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Why that Title Insurance that is being requested is a good idea!
The first year in their home there were no surprises. However, after a particularly cold spell last winter, their pipes froze solid and their home was anything but cozy. The contractor called in to thaw the pipes promptly instructed them to contact the City of Winnipeg. While dealing with the pipe issue, the City provided them with a copy of a building permit dated in 2012 that outlined approval for an 84.5 square foot addition to the front of the existing dwelling. But the addition was never built, despite the permit. Why?
After further investigation, the Gietzes learned that the City had issued a bylaw violation, which required the previous homeowners to repair plumbing and electrical work, as well as an improper stair guard leading to the basement before the addition could be constructed. The floor joists and foundation also required major structural repairs. The City now demanded the Gietzes comply with the bylaw violation within 14 days otherwise face potential legal action.
The bylaw violation notice from the City triggered coverage from FCT because the homeowners were being forced by a governmental authority to remedy an existing structure because it was built without a required building permit.
FCT hired an engineer to complete the report on structural repairs to the floor joists and foundation. In the summer of 2014, work began on the home to fix the foundation, plumbing, electrical and structural issues. This work was paid for by FCT. During this major renovation, Tim and Brittany had to move out of their home for over three months while the work was being completed Thankfully, all temporary housing costs were also covered under their FCT policy.
Let go of the hassle and stress with help from FCT
Before the end of 2014, the Gietzes got word from the City of Winnipeg that the final inspection was completed and the bylaw violation was closed. They moved back in to celebrate Christmas 2014 in their safe and newly renovated home.
For a couple of hundred dollars, paid once when we bought the home and no annual premium, we realized a significant benefit. Without the team at Castle Mortgage Group to inform us about the great insurance program that FCT has, we would have ended up with debt that we could not pay off for years. I cannot even imagine having to come up with the money to complete such a major renovation only months after purchasing the home. FCT fixed our home and provided us with a housing allowance while we were displaced. Since this has happened, I have now joined the team at Castle Mortgage Group and make sure toalwaysrecommend that our clients purchase this insurance. states Mrs. Gietz.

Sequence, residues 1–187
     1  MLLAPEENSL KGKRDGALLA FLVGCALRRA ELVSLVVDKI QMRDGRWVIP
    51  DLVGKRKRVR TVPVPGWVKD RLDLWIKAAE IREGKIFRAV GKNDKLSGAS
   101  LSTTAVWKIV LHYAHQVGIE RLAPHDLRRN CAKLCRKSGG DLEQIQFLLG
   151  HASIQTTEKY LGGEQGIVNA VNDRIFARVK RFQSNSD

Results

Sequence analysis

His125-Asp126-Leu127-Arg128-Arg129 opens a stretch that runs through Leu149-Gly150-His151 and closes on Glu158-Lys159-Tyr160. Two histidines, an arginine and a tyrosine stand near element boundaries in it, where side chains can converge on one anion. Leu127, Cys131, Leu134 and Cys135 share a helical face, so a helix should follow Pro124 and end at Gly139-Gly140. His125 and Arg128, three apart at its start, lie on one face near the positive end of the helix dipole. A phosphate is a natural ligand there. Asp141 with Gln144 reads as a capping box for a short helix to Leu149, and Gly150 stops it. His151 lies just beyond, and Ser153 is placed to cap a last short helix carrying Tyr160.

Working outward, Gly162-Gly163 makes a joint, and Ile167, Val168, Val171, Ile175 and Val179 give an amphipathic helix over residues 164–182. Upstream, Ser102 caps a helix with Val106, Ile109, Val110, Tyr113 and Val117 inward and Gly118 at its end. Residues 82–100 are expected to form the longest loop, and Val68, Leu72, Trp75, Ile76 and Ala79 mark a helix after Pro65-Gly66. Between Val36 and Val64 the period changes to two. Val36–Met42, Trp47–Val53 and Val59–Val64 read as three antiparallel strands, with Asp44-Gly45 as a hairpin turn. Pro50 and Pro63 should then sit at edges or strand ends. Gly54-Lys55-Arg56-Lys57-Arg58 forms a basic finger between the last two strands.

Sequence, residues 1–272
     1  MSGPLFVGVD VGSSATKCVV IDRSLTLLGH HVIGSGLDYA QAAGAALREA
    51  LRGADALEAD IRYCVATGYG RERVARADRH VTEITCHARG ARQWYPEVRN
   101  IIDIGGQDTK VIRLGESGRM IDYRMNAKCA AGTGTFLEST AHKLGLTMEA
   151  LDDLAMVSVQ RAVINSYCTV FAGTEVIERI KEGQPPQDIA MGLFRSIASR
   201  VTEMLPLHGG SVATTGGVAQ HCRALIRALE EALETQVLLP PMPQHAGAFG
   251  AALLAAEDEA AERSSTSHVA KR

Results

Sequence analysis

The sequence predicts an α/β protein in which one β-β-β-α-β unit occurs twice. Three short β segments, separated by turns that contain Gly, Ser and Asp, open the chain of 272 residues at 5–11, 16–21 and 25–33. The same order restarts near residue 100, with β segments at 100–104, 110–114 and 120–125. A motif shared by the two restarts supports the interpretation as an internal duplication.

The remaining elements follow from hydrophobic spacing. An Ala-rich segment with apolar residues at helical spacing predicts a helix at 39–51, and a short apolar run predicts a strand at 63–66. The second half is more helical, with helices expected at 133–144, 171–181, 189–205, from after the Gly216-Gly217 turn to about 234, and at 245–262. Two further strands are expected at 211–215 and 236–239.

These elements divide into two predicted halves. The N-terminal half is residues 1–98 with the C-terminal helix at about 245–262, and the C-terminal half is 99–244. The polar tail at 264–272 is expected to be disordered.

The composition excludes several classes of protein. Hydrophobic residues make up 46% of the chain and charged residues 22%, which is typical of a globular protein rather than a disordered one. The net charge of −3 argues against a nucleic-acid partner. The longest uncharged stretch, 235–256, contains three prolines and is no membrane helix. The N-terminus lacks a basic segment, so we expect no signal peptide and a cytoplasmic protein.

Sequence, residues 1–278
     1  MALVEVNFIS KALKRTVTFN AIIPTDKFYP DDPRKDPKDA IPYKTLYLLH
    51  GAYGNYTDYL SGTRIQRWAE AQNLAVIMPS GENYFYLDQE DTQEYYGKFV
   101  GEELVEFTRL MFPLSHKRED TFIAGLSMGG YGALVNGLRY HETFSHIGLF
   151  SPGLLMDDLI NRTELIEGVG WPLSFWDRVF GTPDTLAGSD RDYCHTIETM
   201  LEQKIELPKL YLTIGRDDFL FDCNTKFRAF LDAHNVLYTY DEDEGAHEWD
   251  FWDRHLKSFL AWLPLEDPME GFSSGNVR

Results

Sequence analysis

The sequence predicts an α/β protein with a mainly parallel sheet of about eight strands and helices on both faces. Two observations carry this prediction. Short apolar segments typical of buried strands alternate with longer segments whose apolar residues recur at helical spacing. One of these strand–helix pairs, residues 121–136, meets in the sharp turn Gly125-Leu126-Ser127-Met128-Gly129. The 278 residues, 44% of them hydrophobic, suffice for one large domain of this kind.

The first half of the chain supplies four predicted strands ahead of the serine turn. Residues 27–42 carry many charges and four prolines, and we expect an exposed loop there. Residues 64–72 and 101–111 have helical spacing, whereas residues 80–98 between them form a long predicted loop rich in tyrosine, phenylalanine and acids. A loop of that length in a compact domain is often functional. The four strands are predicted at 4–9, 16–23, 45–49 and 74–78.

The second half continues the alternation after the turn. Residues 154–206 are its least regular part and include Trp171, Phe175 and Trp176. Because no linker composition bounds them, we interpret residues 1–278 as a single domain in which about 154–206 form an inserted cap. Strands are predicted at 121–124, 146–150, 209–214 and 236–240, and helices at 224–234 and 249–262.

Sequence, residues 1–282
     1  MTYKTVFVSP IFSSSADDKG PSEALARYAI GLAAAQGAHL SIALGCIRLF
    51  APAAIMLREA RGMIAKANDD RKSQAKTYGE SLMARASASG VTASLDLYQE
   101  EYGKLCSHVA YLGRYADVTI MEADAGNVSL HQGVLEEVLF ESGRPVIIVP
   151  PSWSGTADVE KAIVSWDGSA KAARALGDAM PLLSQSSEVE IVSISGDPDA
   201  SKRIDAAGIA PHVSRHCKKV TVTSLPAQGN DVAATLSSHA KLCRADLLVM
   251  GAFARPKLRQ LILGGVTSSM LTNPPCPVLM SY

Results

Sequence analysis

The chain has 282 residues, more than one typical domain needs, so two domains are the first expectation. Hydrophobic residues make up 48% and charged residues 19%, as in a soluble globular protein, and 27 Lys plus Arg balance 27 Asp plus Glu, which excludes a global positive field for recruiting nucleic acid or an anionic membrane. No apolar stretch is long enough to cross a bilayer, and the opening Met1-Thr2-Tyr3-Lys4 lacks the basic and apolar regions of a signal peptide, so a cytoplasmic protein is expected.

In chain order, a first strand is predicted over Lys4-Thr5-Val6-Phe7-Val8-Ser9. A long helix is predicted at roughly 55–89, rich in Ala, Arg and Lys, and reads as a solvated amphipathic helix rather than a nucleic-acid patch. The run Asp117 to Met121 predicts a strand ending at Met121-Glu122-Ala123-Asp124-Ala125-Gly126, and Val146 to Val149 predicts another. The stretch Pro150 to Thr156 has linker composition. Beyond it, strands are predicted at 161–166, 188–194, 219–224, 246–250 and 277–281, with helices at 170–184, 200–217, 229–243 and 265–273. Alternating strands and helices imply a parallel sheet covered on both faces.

*FCT refers to the FCT group of companies. Insurance by FCT Insurance Company Ltd. Services by First Canadian Title Company Limited. The services company does not provide insurance products.
From Original blog by WendyRinella
Vice-President, Corporate Affairs, FCThttp://winnipeg.ctvnews.ca/winnipeg-couple-ordered-to-pay-more-than-100-000-in-repairs-to-get-their-home-up-to-code-1.2250027
Teranet–National Bank National Composite House Price Index
In October the Teranet-National Bank National Composite House Price IndexTM began the fourth quarter with a dip of 0.1% from the month before. The final quarter of the year is typically slow for the index, and the monthly decline was in line with the average of the last 10 Octobers, in five of which the index retreated. In short, it is too soon to herald a downward trend on the national home resale market. Indeed, if seasonal pressure were removed (seasonal adjustment), October would have been the third consecutive month of an underlying uptrend.
Pulling the composite down on the month were retreats in the indexes for Edmonton (-1.0%), Winnipeg (-0.4%), Toronto (-0.2%), Hamilton (-0.2%), Calgary (-0.1%) and Montreal (-0.1%). Pulling it up were Quebec City (0.1%), Vancouver (0.2%), Ottawa-Gatineau (0.2%), Victoria (0.7%) and Halifax (1.3%). For Vancouver it was a first monthly rise in 15 months, consistent with a strong revival of home sales since August. For Ottawa-Gatineau, October was the seventh consecutive monthly rise, for a cumulative surge of 9.8%. Victoria has also had a good run, with gains in six of the last seven months. For Halifax it was the 10th advance in 12 months. For Toronto, on the other hand, October ended a run of six monthly rises. Same story for the five-month runs of Montreal and Winnipeg. According to the most recent data, however, the resale market remains balanced in Toronto and favourable to sellers in Montreal.
Unemployment rate unchanged in October
Following two consecutive months of growth, employment held steady in October. The unemployment rate was unchanged at 5.5%.
On a year-over-year basis, employment grew by 443,000 or 2.4%, driven by gains in full-time work. Over the same period, total hours worked were up 1.3%.
In October, employment increased in British Columbia and Newfoundland and Labrador, and was little changed in the other provinces.
Employment was down for men in the core working ages of 25 to 54, and grew for the population aged 55 and over.
Employment declined in manufacturing and construction. At the same time, employment was up in public administration and in finance, insurance, real estate, rental and leasing.
The number of self-employed workers decreased, while the number of employees in the public sector increased for the second consecutive month.